10 Some Key Ingredients of Effective Youth- Adult Partnerships Time to develop real relationships Real relationships (between youth and adults) take getting to know each other and building trust, and that takes time Activities focused on issues that really matter to youth Youth want to pursue interests, see the connections between what they are learning and the real world, and make a difference Training and support Young people rise to to challenge, but they dont want to be set up to fail. Offer training in key skills

11 Some Key Ingredients of Effective Youth- Adult Partnerships Attention to the realities of young people Meet in accessible places Consider providing transportation, vouchers, or immediate reimbursement for costs Schedule meetings that do not conflict with school and work Make sure youth have the supplies and equipment they need, as well as space to meet, work, and store materials Create a safe, youth-friendly space Consider compensating youth - with pay or by other means - for their work; this can be the key to involving young people who need employment Offer food -- its hard to focus when youre hungry, and it can be a great draw!

12 The Ten Commandments for Having the Best Youth Program in the Universe 1. Thou must have a high and plentiful supply of great snacks 2. Thou must have flexible hours 3. All who choose to work at the program must have a great attitude and treat everyone with respect 4. Thou shalt hire staff that reflect thy communities and experiences of youth thou serve 5. Thy computers must connect to the internet 6. Thou must provide enough supplies for thy participants 7. Thou shalt reach out into the community to know thy neighbors 8. Thou must have a clean and spacious environment, free of all rodents 9. All thy participants must enjoy thy program and spread laughter throughout thy CBO 10. Thou shalt involve thy youth in the evaluation of thy programs 2001 Youth IMPACT Team San Francisco, CA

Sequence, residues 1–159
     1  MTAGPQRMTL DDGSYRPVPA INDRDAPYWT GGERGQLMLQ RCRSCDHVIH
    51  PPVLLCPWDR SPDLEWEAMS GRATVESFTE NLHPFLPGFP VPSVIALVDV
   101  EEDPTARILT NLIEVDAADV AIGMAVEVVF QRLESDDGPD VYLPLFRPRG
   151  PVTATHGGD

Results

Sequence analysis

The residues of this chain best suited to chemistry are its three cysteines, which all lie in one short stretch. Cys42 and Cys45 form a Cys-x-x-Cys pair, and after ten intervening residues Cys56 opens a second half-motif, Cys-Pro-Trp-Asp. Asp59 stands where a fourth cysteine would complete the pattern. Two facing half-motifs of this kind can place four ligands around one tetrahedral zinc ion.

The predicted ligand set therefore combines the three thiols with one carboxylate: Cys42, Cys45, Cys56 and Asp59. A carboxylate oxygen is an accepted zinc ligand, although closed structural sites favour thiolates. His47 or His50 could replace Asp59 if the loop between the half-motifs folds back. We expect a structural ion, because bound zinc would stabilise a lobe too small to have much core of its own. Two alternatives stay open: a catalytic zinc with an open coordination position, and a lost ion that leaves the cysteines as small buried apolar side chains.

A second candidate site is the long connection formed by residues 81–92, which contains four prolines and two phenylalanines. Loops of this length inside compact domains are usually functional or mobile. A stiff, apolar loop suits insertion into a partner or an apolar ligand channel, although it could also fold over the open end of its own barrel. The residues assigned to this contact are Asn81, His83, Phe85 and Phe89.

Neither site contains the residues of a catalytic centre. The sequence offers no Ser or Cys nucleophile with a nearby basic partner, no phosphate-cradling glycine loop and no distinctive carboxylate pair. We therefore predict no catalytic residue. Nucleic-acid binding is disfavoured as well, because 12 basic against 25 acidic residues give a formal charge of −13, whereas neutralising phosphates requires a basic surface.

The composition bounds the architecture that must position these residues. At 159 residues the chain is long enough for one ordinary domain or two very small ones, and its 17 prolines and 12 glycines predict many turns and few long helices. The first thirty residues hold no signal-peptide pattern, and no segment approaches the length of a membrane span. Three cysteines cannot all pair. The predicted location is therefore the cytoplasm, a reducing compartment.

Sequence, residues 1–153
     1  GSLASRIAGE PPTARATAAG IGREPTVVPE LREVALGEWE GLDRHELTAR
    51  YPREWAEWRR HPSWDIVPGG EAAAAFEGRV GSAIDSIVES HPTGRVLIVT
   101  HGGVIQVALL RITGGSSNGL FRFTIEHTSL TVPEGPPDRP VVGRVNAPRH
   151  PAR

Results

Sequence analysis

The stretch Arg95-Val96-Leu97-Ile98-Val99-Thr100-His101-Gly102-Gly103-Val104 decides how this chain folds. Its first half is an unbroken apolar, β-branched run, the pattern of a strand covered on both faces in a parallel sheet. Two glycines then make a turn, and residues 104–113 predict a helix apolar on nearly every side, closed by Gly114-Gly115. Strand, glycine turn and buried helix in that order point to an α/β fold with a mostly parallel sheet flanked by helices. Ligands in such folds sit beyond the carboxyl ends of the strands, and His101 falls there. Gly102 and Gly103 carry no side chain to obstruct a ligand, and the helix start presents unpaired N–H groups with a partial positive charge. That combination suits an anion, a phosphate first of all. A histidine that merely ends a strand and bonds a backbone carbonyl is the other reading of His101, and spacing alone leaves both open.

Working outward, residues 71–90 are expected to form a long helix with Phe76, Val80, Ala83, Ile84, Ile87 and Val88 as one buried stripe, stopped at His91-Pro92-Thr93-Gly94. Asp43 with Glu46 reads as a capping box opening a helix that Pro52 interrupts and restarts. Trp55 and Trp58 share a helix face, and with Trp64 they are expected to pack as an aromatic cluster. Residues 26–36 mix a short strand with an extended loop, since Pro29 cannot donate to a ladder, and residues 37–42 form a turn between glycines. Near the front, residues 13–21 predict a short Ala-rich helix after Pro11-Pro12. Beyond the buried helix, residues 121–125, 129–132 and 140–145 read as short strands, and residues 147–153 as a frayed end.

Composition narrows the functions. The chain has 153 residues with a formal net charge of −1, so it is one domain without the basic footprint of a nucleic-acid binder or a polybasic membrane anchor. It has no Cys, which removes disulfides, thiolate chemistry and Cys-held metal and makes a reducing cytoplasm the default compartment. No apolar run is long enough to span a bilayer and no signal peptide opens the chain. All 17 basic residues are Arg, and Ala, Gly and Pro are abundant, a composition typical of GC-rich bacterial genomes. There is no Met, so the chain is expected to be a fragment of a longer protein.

13 M.A. Gambone, H.C. Yu, H. Lewis-Charp, D.L. Sipe, J. Lacoe (2004). A Comparative Analysis of Community Youth Development Strategies. University Park, MD: CIRCLE. Honig, M. and Fiore, K. (1997). Working with Young People as Partners: A guide for school-linked service sites. Davis, CA: California Healthy Start Field Office Innovation Center for Community and Youth Development and national 4-H council. Youth In Decision- Making: Research Highlights from a Study on the Impacts of Youth on Adults and Organizations. H. Lewis-Charp, H Cao-Yu, S. Soukamneuth and J. Lacoe (2003). Extending the Reach of Youth Development Through Civic Activism: Outcomes of the Youth Leadership for Development Initiative. Social policy Research Associates. Milbrey McLaughlin (2003). Youth Voices on Learning After School: A Qualitative Evaluation of the San Francisco Beacon Initiative. Stanford: John W. Gardner Center J. Norman (2001). Building Effective Youth-Adult Partnerships. In Transitions 14(1), October Washington D.C.: Advocates for Youth What Kids Can Do, Inc. and MetLife Foundation (2004). Students as Allies in Improving Their Schools: A Report on Work In Progress. Youth IMPACT (2001), Youth Voices inspiring Creative Change: Youth IMPACT Youth-Led Evaluation San Francisco: Department of Children, Youth and their Families K. Zimmerman and J. London. Getting to Go: Building Organizational Capacity to Engage in Youth-Led Research, Evaluation and planning. In Community Youth Development.